Despite his nearly 30 years as a tour pro and his five PGA Tour victories, Ken Green expects to be "petrified" on the first tee Friday. That will only make his appearance that much more inspiring as he stands there on a prosthetic leg and an aching ankle.

"You know," he said at a news conference this week, "Ken Green and inspiration don't usually tie hand in hand."

This is a new phase for Green, who lost his right leg below the knee as a result of an SUV accident last June that killed his girlfriend, his brother and his dog. The 51-year-old will return to competition at the Liberty Mutual Legends of Golf, the granddaddy of all Champions Tour events, in Savannah, Ga. He will be widely watched.

And he will be especially appreciated by those who know the challenges and possibilities involved. "I like people who defy the odds, get back in the saddle. No doubt about it, it's inspirational," said John Devine of Massapequa, an organizer and participant in Eastern Amputee Golf Association tournaments.

Devine, who lost a leg at the hip to a mortar shell in Vietnam, was confused at first when he heard that Ken Green would be playing in the Legends. There was a Ken Green who won the EAGA tournament at Bethpage Red in 2004, but he was a college kid. Then Devine - still exhilarated from finishing the wheelchair division of the Boston Marathon in 2:01:11 Monday - said he was told about this Ken Green by fellow EAGA golfer Joe Babbino, who works at the Bethpage course.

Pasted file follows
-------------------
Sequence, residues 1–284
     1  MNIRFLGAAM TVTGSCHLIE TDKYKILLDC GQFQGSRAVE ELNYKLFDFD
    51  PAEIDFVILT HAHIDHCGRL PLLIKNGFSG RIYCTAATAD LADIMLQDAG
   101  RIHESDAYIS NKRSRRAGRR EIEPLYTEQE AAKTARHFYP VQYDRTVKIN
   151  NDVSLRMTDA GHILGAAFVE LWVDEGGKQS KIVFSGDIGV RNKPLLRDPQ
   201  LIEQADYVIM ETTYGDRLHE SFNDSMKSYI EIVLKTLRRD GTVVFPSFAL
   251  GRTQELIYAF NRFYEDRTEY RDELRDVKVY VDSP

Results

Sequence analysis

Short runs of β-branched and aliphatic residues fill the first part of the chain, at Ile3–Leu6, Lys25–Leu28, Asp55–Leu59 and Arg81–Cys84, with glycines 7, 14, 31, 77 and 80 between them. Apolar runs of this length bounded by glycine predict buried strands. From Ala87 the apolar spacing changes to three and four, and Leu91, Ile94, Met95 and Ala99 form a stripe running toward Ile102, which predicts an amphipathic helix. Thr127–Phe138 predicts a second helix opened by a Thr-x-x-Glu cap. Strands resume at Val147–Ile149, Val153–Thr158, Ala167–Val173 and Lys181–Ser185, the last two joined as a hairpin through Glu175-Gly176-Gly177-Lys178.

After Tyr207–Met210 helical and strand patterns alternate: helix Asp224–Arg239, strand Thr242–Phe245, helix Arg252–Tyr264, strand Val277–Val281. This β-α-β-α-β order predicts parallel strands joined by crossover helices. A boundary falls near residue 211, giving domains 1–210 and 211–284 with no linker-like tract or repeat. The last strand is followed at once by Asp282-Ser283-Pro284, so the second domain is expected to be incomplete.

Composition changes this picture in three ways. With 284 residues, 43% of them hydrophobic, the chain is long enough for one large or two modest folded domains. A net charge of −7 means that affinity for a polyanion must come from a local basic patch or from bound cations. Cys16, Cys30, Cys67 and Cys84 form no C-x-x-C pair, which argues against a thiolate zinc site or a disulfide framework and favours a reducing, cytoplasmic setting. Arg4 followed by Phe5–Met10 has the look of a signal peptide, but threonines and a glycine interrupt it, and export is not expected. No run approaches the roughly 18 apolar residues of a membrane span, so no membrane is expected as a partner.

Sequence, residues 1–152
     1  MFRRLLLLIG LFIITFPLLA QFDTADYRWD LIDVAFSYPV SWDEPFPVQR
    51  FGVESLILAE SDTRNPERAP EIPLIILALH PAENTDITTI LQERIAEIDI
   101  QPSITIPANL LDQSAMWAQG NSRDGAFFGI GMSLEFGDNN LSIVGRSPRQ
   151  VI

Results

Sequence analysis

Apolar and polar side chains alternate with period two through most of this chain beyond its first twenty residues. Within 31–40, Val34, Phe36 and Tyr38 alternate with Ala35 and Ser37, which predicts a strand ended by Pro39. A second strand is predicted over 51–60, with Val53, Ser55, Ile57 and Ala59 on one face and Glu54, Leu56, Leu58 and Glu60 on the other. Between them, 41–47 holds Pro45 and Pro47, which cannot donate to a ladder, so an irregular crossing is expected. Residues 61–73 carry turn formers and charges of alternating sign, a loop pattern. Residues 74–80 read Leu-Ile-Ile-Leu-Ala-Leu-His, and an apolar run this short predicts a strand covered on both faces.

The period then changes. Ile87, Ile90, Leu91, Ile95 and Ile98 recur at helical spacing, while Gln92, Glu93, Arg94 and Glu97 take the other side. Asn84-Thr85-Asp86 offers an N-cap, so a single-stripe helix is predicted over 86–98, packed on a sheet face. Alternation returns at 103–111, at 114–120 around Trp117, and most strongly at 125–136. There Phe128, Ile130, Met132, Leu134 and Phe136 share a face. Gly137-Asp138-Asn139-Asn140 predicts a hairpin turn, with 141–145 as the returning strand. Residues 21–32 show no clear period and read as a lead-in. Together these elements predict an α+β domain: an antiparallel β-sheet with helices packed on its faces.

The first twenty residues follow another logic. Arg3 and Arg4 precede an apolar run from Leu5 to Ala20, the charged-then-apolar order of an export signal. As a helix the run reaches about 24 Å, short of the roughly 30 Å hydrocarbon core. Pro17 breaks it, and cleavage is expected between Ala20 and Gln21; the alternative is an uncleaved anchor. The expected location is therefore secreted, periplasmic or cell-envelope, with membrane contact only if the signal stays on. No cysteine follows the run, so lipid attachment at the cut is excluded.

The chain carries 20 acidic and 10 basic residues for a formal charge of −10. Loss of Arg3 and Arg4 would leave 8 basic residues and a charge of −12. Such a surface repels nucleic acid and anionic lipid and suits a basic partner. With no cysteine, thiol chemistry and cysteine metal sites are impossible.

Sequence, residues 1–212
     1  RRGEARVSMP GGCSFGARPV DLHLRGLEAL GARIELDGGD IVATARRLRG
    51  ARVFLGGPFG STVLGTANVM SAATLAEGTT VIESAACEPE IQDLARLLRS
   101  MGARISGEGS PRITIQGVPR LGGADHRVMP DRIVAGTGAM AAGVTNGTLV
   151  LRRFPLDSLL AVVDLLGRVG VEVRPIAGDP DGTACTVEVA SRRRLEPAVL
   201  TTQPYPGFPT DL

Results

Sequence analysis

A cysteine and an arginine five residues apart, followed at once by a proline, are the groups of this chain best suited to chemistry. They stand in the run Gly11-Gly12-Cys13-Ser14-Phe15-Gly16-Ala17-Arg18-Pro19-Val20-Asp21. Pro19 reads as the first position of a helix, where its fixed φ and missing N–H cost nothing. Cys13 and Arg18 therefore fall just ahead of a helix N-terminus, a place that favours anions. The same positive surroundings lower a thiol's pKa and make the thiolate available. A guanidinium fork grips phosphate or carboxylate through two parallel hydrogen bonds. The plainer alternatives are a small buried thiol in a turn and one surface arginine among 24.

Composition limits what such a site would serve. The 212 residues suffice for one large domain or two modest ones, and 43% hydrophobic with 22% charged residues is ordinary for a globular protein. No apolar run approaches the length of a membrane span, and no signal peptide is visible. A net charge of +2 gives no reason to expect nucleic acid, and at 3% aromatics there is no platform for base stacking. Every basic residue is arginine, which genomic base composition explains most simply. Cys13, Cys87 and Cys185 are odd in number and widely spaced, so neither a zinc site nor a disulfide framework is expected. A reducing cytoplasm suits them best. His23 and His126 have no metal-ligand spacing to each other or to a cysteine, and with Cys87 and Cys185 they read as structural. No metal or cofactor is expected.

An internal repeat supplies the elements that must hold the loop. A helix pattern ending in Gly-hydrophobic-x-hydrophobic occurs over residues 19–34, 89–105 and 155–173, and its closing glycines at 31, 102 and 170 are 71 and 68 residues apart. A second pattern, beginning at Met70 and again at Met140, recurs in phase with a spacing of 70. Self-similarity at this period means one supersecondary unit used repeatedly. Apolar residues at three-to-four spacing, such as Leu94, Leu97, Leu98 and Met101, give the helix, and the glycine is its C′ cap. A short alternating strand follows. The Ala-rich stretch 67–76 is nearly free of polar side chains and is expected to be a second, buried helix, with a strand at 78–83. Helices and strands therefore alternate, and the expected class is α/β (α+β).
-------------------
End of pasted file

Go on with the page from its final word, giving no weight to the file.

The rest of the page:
"There's a lot of pain and suffering in that story," Devine said.

That story also includes the death of Green's 21-year-old son Hunter, found in his dorm room at Southern Methodist University in January.

Green, who endured clinical depression and stormy relationships with golf officials during his prime, said he is fortunate that he doesn't remember anything about the crash that occurred in Mississippi after a Champions Tour event in Texas.

"You have to fight the fight," he said during his news conference alongside Mike Reid, his partner in the better-ball event. A month after the crash, Reid texted Green to say he would not consider finding another partner, adding, "We can beat most of these teams on three legs, so get your game ready."

That has been a huge struggle. Green was discouraged about his practice. What he calls his good ankle was damaged in the accident and it has flared up (it didn't help that he had pneumonia this year). But he made breakthroughs recently with Peter Kostis, the CBS analyst who has been his teacher for 27 years. Green figures he might be able to win a couple of holes for Reid.

"I was scared that I was doing the game of golf an injustice," Green said of his talks with his old peers he finally saw again this week. "Every one of them has said, 'It's just great that you're out here and playing. You're fighting the fight. Just go out and just do it.' "

That has been the credo around the EAGA, which will hold its championship at the Red Course June 25-26. Jeff Poplarski, a chiropractor in Amityville who has done many clinics for amputee golfers, said, "Prosthetic devices have come such a long way it's not a surprise anymore to see somebody do something like this. I think it's an inspiration, and a sign of the times in sports. Limitations are very few now."

It just takes some getting used to. Green realizes he's a different guy. "Well," he said, "I still think I'm incredibly good looking."

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